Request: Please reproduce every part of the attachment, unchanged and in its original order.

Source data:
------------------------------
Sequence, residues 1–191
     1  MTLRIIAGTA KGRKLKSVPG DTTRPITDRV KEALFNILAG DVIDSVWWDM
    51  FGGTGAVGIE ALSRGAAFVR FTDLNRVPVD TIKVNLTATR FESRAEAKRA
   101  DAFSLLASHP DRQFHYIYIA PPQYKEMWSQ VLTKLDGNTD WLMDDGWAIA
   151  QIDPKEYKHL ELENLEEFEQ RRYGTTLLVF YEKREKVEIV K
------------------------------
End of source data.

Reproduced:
Sequence, residues 1–191
     1  MTLRIIAGTA KGRKLKSVPG DTTRPITDRV KEALFNILAG DVIDSVWWDM
    51  FGGTGAVGIE ALSRGAAFVR FTDLNRVPVD TIKVNLTATR FESRAEAKRA
   101  DAFSLLASHP DRQFHYIYIA PPQYKEMWSQ VLTKLDGNTD WLMDDGWAIA
   151  QIDPKEYKHL ELENLEEFEQ RRYGTTLLVF YEKREKVEIV K